The difference a woman makes as music director

Susanna Mälkki starts work at the Helsinki Philharmonic tomorrow. Here’s her opening programme:

GYÖRGY LIGETI Atmospheres
MAURICE RAVEL Shéhérazade
KAIJA SAARIAHO Asteroid 4179: Toutatis
JEAN SIBELIUS Canzonetta (arr. Stravinsky)
MAGNUS LINDBERG Parada
MAURICE RAVEL La Valse

The only Sibelius is a Stravinsky arrangement, and there will be no more of him this season.

Next week, Susanna conducts Boulez, Maresz and Berlioz.  Over the next couple of months there will be Messiaen, Dutilleux, Debussy, Murail, Ravel.

It’s a complete refresher course for Finnish ears.

Which man would take such risks in the first season of his first music directorship?

susanna malkki

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  • Oh please, NO! Women have been fighting against this sort of sexist comment for decades! As an example: Beecham dismissed the female players of the Halle orchestra after WW1 with the excuse that women did not play with the same style as men! Robert Schumann accused women of not being able to write strong music….. I thought that the Arts had woken up to the fact that people are just people!

  • I think gender has nothing to do with it. S. Mälkki is an experienced 20th century & contemporary music conductor (she was music director of the Ensemble InterContemporain), so it is only natural that this is reflected in the works she conducts…

    • And that kind of programme is nothing new to the Finnish ears either. Helsinki Phil has just always had a bit more conservative repertoire than the FRSO, and it’s a pity that they are now hunting on the same ground.

    • Thank you. a MUSICAL observation, with no regard to the sex of the conductor.

      Despite the perfectly correct headline, which can be read as a specific reference to Ms. Mälkki and no other, based in the ongoing theme on this blog it can also be read as a general observation about women on the podium.

      Mathieu’s comment reminds those of us who have to be reminded that when it comes to a profession such as conducting, there is no such thing as “women.” Tastes, choices and expertise are specific to each individual, of either sex.

  • Well, it’s an adventurous programme for the first season although overall it’s not so easy for me to find the dramaturgical common thread behind these choices nor to agree that her programming would be something revolutionary in Finland where throughout the country the orchestras and audiences have been very open for fresh combinations of contemporary and mainstream repertoire. Actually, Helsinki Phil now with its conservative core audience seems to be struggling to sell out the tickets even to their new chief conductor’s concerts.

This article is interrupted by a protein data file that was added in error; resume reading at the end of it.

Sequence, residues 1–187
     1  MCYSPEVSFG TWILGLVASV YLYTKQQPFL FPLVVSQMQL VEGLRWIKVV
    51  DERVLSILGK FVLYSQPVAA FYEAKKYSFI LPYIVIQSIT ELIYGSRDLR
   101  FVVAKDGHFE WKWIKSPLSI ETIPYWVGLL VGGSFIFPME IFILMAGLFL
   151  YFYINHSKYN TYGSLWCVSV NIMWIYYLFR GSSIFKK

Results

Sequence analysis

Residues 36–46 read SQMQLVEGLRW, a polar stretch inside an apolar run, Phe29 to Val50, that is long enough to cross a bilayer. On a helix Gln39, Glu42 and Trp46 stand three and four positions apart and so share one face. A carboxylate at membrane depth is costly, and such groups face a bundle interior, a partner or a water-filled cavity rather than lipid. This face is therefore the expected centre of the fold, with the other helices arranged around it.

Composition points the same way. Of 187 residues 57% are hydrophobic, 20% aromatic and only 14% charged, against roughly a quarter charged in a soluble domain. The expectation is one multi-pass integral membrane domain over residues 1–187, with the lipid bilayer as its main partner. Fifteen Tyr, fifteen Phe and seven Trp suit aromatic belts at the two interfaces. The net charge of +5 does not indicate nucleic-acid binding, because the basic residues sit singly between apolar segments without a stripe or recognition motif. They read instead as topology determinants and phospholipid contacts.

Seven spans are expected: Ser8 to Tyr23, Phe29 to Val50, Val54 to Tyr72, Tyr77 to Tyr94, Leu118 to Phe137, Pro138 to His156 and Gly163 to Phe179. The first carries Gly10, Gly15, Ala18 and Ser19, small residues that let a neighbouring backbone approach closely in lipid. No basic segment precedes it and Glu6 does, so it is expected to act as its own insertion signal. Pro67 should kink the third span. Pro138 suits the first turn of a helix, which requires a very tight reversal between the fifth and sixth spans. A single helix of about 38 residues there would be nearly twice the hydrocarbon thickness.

It’s weird, especially compared to the Finnish RSO, which has since years been way more attractive in programming since Hannu Lintu, who’s been conducting lots of fresh combinations of contemporary music. There’s an odd difference in the attitude of these two orchestras’ audiences. And by the way, now that Esa-Pekka Salonen has given his face for Finnish National Opera, Mälkki is going to have a hard time proving her credibility and talent not only as a gifted conductor but also as an inspiring and visionary music director. Good luck with that!

  • To add a few words, Dutilleux, Ravel, Messiaen, Debussy, Ligeti Lindberg and Saariaho are all totally standard repertoire in Finnish orchestral life. Turangalila was very recently played and recorded by Finnish Radio Symphony Orchestra. All the big works by Dutilleux have been performed in Finland, some of them regularly.

    So of course we are happy to have more of it, but it should be acknowledged that adventurous programming nowadays comes from interesting contexts, interconnections and dramaturgical counterpoint within the contemporary, between contemporary and classical etc., not just by bringing in contemporary music per se.

    • Indeed, the discussion here is not about the Finnish RSO who has always been forward-looking in its repertoire. But the issue is strictly about the Helsinki Phil, and the difference between their previous chief conductor John Storgårds and Mälkki is quite an obvious one.

      Storgårds was for Mahler, Bruckner, Brahms, Beethoven, Sibelius, Nielsen… – added with representatives of current Nordic contemporary music (like Norgård, Rasmussen, Rautavaara…). Quite classical and definitely oriented to the symphony genre.

      But Mälkki is Boulez, Dutilleux, Messiaen, Ravel…

      A risky move but Helsinki Phil does not want to be number #2….
      We will see what the Helsinki Phil audience will think about this.

      • I agree with you reg FRSO vs HPhil / Storgårds vs. Mälkki, fellow observer. Just pointing out that the blogger mentions “Finnish ears to be refreshened” which sounds as if there wasn’t anything like this before in our lively musical life. Maybe he should’ve stated “Helsinki Phil ears” instead. 😉

  • Who cares about female conductors making differences? They only need to make music.

    P.S. Jane Glover is going to conduct the Philadelphia Orchestra this season.

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